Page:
For copyright help, email copyright@colorado.edu.  

The University is legally required to establish policy stating that faculty, staff, students, and community members must obey all state and federal laws respecting the copyrights and trademarks of others.

The University of Colorado Boulder encourages the Fair Use of copyrighted materials in support of its academic and research mission and strives to provide clear guidance to faculty, students, and staff who wish to use copyrighted materials in their teaching and research.

Fair Use

Fair Use is the use of copyrighted content without the expressed permission of the copyright holder under certain circumstance. Whether a use is considered Fair Use is determined on a case by case basis. There is no “bright line” universal rule for what constitutes Fair Use.

Four factors are used to analyze whether a use is Fair Use:

  • The purpose and character of use, including whether the use is for commercial or noncommercial purposes;
  • The nature of the copyrighted work; factual works, for example, are more likely to fall under fair use than highly artistic or creative works.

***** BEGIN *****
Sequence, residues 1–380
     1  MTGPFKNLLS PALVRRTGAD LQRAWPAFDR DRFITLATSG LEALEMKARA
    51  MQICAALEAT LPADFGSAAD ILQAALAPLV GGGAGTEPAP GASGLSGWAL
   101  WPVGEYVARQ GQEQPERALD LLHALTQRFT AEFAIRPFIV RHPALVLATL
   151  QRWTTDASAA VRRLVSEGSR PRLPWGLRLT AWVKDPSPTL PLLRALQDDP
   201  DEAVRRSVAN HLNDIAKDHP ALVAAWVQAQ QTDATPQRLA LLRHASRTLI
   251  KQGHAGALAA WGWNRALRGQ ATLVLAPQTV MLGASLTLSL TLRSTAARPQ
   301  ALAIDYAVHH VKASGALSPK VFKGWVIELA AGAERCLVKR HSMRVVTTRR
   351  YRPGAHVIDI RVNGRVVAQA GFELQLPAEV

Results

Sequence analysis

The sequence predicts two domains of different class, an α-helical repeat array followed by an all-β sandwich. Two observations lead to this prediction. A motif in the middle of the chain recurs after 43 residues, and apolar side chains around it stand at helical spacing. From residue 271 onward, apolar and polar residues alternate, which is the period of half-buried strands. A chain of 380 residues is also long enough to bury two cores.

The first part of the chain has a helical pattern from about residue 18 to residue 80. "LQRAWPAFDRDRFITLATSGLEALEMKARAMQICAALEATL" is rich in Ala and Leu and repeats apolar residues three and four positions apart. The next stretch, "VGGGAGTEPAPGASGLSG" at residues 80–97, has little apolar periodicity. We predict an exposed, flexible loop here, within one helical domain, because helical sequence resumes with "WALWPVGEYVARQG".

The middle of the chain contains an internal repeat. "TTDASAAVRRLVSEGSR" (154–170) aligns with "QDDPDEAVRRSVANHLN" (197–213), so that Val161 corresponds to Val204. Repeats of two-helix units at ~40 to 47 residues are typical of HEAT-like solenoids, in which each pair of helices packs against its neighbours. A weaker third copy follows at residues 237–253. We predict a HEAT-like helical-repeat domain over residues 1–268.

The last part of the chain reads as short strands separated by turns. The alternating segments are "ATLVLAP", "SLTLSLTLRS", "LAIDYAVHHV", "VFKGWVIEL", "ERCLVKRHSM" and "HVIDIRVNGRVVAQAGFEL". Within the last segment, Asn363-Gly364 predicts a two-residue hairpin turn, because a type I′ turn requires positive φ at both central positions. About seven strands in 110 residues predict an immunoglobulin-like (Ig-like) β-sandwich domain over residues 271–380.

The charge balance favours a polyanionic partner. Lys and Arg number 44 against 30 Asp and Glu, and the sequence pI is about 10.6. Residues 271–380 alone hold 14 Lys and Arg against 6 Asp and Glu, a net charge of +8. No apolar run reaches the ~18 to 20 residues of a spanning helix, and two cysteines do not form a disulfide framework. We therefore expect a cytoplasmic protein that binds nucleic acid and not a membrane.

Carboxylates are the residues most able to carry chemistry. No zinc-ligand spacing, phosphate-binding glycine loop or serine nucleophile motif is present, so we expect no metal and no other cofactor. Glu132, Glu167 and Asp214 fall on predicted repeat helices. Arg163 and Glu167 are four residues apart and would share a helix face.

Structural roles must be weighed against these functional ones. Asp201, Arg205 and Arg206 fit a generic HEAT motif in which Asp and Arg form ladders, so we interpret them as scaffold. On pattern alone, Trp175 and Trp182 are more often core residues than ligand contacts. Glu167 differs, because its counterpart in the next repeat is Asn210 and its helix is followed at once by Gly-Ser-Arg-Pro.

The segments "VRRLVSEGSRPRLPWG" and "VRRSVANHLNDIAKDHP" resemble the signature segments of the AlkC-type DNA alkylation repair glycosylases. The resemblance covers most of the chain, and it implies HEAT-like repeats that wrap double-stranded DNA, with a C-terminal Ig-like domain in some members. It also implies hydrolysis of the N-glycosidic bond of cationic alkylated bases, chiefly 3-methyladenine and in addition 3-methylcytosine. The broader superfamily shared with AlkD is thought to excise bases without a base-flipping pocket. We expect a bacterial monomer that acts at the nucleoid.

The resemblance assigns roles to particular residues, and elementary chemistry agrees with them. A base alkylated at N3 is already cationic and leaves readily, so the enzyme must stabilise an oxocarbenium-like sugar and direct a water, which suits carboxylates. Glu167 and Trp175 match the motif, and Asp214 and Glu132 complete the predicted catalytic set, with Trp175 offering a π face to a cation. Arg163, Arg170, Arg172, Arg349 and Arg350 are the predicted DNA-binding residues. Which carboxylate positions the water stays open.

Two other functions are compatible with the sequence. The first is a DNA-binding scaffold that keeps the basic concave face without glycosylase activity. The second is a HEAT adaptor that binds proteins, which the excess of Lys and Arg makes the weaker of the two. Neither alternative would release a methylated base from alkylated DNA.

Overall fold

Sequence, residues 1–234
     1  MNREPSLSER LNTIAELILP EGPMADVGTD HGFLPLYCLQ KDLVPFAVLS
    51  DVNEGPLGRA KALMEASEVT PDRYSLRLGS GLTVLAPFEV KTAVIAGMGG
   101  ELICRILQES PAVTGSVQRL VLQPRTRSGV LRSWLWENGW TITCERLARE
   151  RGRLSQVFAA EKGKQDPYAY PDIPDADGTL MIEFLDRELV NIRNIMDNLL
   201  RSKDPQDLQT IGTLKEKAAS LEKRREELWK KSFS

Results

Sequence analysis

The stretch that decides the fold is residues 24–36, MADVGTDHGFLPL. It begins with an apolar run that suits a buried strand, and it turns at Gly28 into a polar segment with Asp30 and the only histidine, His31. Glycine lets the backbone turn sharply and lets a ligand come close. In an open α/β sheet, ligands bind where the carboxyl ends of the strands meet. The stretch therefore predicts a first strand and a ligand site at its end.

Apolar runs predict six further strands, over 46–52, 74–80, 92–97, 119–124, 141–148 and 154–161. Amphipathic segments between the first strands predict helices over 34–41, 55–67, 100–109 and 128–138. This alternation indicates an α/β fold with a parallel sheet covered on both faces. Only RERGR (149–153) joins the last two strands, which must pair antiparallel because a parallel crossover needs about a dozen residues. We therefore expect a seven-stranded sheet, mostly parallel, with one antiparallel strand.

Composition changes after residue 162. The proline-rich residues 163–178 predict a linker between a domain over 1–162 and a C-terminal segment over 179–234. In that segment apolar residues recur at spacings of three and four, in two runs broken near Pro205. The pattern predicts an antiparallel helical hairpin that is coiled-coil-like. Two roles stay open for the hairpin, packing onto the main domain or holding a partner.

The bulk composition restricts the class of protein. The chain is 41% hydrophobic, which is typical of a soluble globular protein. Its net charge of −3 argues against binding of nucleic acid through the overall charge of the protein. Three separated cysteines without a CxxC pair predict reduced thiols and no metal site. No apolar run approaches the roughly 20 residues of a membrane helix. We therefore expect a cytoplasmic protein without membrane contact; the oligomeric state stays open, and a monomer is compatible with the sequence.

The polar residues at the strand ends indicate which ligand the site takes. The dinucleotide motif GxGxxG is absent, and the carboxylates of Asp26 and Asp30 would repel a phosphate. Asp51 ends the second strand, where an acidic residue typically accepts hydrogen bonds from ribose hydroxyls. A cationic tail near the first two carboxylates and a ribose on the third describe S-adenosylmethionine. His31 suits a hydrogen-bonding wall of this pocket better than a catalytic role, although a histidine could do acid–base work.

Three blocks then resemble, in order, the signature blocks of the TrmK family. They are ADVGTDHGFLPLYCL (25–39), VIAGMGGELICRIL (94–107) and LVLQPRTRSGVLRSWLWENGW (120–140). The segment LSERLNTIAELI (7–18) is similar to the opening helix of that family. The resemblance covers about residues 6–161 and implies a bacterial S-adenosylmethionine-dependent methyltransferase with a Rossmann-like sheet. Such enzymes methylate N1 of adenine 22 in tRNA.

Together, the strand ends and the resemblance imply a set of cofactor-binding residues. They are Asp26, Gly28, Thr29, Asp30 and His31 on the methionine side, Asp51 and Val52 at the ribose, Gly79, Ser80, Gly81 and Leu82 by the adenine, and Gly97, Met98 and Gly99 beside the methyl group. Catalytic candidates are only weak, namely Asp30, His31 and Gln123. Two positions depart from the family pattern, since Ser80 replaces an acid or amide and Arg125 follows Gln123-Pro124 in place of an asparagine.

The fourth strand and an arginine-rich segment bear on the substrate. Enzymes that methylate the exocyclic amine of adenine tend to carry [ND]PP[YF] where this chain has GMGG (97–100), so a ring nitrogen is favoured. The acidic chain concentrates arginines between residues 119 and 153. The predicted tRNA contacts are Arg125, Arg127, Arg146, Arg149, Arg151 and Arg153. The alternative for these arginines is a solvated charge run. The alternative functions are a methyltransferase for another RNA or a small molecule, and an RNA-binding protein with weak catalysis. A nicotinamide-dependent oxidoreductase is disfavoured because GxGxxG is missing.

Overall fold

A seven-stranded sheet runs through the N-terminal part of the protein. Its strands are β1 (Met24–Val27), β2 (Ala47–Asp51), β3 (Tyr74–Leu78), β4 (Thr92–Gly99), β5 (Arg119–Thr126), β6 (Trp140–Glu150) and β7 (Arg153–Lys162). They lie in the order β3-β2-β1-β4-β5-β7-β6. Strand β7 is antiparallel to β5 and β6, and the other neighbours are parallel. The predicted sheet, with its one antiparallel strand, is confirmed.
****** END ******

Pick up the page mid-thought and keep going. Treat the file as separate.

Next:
• The amount and substantiality of the portion used in relation to the copyrighted work as a whole;
  • The effect of the use upon the potential market for or value of the copyrighted work.

All four of these factors should be weighed simultaneously when evaluating a fair use case.

See the ARL Code of Best Practices for examples of Fair Use in higher education.

Fair Use Resources

Copyrighting Your Own Work

In the United States, a work is protected by copyright as soon as it is "fixed in a tangible medium" (assuming it is an original expression). Copyright registration of works created within the United States is not required for protection, but the author/creator may wish to officially register the work with the U.S. Copyright Office, as registration is necessary before you can bring a suit of copyright infringement, and timely registration gives you the right to claim statutory damages in an infringement suit.

You may also wish to consider licensing your work instead through  Creative Commons (CC). A CC license allows you to keep all your rights and inform users under what conditions you allow they to use your work.

Visit Obtain Copyright Permission for more information about using copyright materials.

For copyright help, email copyright@colorado.edu.